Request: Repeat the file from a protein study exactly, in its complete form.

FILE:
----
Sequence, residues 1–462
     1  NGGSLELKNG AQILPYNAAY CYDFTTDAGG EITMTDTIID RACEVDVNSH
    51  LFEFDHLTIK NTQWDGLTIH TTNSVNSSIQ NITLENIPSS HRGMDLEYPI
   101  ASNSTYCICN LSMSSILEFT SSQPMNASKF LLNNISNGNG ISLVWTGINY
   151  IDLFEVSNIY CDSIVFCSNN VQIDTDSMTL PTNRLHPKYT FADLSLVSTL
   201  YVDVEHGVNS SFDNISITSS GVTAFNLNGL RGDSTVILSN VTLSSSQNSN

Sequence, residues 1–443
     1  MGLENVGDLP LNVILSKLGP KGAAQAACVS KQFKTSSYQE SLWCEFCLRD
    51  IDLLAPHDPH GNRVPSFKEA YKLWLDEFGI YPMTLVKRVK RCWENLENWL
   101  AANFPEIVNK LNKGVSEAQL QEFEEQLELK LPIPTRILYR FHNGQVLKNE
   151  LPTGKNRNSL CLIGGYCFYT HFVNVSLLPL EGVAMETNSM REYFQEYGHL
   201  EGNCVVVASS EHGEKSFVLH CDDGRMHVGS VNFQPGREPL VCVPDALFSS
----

Sequence, residues 1–462
     1  NGGSLELKNG AQILPYNAAY CYDFTTDAGG EITMTDTIID RACEVDVNSH
    51  LFEFDHLTIK NTQWDGLTIH TTNSVNSSIQ NITLENIPSS HRGMDLEYPI
   101  ASNSTYCICN LSMSSILEFT SSQPMNASKF LLNNISNGNG ISLVWTGINY
   151  IDLFEVSNIY CDSIVFCSNN VQIDTDSMTL PTNRLHPKYT FADLSLVSTL
   201  YVDVEHGVNS SFDNISITSS GVTAFNLNGL RGDSTVILSN VTLSSSQNSN

Sequence, residues 1–443
     1  MGLENVGDLP LNVILSKLGP KGAAQAACVS KQFKTSSYQE SLWCEFCLRD
    51  IDLLAPHDPH GNRVPSFKEA YKLWLDEFGI YPMTLVKRVK RCWENLENWL
   101  AANFPEIVNK LNKGVSEAQL QEFEEQLELK LPIPTRILYR FHNGQVLKNE
   151  LPTGKNRNSL CLIGGYCFYT HFVNVSLLPL EGVAMETNSM REYFQEYGHL
   201  EGNCVVVASS EHGEKSFVLH CDDGRMHVGS VNFQPGREPL VCVPDALFSS